Everybody can do something better than you can

Rachel DiCarlo Currie explains Why We Need a Revival of Humility.  Here’s the money quote

Shortly before leaving the Senate, Kyl spoke to Fred Barnes of The Weekly Standard and described a childhood trip to his local county fair in Iowa. Upon arriving at the fair, Kyl said, his father made sure that he saw the man who managed parking for the attendees. “He does that better than anyone else,” his father told him. “Everybody can do something better than you can.”

Everybody can do something better than you can. Imagine how much different our society would be if each of us embraced those words as a daily mantra.

That’s why I don’t tell the plumber, the tile guy, the yard guy, the pool guy, or my mechanic how to do his job.  If I was so friggin’ smart, why would I be paying these guys?

Tip from the Instapundit, where Sarah Hoyt has been on a roll lately.  Must be ’cause she just finished another novel.

Hipsterism, explained

Lesbian, or just hipster? Hard to tell these days.

I would need a heart of stone not to laugh (starting with the title, no less!).

Here’s my semi-obligatory lame joke:  A hipster is the sort of car owner who, when told to “Go fast,” starves himself for the rest of the week.

Tip from the Instapundit, who is hip, rather than hipster.

Maybe clothes DO make the man

Here’s a school program that’s so off-the wall it might actually make a difference: providing washing machines in public schools.  It’s early days, with little data collected, but compared to Michelle O’s disastrous school lunch madness, it’s an intriguing experiment with potentially outsize benefits.  Virginia Postrel might have some insight into ideas like this.

Tip from Happy Acres, who’s gotten this a bit muddled with the more general notion of personal hygiene* as a component of good sanitation and public health programs.

whitemansoap

* I’m usually very critical of do-gooders descending upon folks and telling them what to do “for their own good.”  I call that the Bwana Syndrome, and progressives thrive on it, at home and abroad.  However, Bwana says “wash your hands” seems eminently sensible to me.  Can “wash your clothes” be that much different?

Holy Brainstorming!

Francis Menton, the Manhattan Contrarian, has been kicking around a idea so radical it might actually work: giving Manhattan public housing units to their residents to kickstart them out of poverty.  What really caught my attention was this:

Well, what happened to the idea of making it possible for the poor to get out of poverty?  The residents of Manhattan public housing are living, breathing human beings who deserve the opportunity to escape from poverty and achieve success in the world; they are not animals to be kept imprisoned in a zoo for the viewing pleasure of their superiors.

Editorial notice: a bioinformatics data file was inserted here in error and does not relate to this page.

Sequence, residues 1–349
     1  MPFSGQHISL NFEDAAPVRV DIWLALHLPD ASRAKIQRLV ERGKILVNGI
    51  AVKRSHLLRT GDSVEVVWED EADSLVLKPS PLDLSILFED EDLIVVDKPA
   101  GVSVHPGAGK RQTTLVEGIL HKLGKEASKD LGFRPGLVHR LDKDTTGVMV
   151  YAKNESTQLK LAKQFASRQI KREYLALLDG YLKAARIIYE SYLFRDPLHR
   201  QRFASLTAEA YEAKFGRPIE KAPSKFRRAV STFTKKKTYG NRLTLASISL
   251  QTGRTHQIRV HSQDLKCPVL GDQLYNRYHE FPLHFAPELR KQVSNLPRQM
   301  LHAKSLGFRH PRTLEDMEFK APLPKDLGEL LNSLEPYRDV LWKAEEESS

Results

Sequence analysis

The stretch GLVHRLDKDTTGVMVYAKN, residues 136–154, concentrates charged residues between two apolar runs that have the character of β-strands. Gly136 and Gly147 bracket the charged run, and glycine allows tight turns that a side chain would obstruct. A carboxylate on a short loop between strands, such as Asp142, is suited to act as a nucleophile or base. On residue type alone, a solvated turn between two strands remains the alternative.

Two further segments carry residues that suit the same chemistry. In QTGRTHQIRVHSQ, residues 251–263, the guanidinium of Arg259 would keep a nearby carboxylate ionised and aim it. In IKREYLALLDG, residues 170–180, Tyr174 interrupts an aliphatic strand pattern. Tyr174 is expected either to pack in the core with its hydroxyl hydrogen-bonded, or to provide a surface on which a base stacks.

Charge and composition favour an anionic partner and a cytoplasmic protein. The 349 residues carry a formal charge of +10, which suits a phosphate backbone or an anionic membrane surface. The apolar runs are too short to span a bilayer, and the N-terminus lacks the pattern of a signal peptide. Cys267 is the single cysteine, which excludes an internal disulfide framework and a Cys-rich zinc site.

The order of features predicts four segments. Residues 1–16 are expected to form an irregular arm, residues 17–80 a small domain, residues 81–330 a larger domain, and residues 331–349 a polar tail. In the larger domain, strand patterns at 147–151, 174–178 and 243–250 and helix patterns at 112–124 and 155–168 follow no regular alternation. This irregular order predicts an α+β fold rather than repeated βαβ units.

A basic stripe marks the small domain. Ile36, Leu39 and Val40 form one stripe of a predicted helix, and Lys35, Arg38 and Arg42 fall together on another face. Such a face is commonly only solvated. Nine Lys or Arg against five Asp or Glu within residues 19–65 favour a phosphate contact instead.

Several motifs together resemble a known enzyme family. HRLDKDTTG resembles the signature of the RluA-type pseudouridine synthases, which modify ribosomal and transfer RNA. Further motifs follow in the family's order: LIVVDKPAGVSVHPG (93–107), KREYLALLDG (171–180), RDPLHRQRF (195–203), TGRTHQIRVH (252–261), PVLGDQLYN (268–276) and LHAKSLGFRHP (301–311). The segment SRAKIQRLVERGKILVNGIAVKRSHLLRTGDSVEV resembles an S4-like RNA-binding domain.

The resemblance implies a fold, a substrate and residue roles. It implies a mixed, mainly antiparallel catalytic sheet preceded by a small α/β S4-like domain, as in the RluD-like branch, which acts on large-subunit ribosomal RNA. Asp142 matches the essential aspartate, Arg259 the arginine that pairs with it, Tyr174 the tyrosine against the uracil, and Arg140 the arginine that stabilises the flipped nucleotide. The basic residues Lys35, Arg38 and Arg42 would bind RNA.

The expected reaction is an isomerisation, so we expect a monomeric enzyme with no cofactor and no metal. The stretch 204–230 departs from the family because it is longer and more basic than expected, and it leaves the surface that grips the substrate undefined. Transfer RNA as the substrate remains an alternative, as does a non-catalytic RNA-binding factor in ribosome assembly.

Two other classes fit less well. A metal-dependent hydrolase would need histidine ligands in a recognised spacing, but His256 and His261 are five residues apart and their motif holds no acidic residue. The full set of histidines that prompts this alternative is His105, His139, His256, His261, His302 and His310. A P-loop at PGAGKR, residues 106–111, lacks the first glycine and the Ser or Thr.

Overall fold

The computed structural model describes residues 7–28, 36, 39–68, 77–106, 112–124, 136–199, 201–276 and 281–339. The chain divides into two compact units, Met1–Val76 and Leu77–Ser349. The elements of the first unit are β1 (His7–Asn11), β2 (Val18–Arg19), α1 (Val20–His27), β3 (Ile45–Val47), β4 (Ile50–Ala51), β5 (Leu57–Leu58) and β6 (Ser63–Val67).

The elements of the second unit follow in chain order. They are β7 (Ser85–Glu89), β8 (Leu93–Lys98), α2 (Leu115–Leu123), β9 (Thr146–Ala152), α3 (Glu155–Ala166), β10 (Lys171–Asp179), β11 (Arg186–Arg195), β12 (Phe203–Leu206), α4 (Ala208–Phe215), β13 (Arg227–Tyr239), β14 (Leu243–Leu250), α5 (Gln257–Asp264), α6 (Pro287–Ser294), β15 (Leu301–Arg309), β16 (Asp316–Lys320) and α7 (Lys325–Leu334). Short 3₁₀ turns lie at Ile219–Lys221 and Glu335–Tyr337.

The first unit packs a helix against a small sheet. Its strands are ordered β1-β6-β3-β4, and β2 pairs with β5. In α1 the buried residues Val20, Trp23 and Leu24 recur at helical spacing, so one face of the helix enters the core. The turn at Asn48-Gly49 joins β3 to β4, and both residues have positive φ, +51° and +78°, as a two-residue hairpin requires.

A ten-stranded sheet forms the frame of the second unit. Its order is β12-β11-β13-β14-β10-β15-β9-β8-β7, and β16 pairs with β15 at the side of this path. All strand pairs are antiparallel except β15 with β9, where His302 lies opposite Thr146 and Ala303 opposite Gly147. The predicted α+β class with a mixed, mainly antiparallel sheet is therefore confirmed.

Tip from Menton himself, discussing Ben Carson, which came from a tip at Maggie’s Farm.

You Crosstalk too much

I s-o-o-o wanted to enjoy Connie Willis’ latest book, Crosstalk, and I settled down in great anticipation to read her latest screwball comedy.  The characters and situations are familiar to Willis fans who liked To Say Nothing of the Dog, “Blue Moon”, or the underappreciated Bellwether.  There’s even one of Willis’ hilarious lists, this time D. B. Schwartz’ Rules for Lying, peppered throughout the book:

  • Stick to one story (p. 78)
  • Never say any more than you absolutely have to (p. 77)
  • Have a cover story ready in case people start asking questions (p. 108)
  • Keep your stories straight (p. 129)
  • Don’t look guilty (p. 130)

As well as some insights on the practice, such as”Any sentence beginning with ‘of course’ was automatically a lie…”, and a great quote from one of her faves

It is always the best policy to speak the truth, unless, of course, you are an exceptionally good liar.  — Jerome K. Jerome, The Idler’s Club

crosstalk

Having said all that, the book is not fabulous.  The heroine lets everyone from her nine-year-old niece to her mendacious fiance jerk her around, and her acceptance as a center of obsessive phoning, texting, and Facebooking exposes her as a lightweight.  Everyone with the exception of the (obvious) hero, the aforementioned D. B. Schwarz, is a child of (mainly female) white privilege*, screeching at each other about Princess Problems.  The story is overlong, too long to be concluded with the sort of feminist Deus ex Machina resolution that leaves everyone (except the fiance) living sappily ever after.

Coming after the conclusion of her four-novel plus love letter to the rapidly-being-overrun people of Great Britain (Doomsday Book, To Say Nothing of the Dog, Blackout, and All Clear), Crosstalk is a big letdown.  If you haven’t read any Willis, start with Bellwether or Doomsday Book, not this clinker.

*Willis is a softcore SJW, whose post-election stance is “I’m OK, you Trumpers are messed up.”  Oh, and I don’t live in a bubble.  Con safos, chica.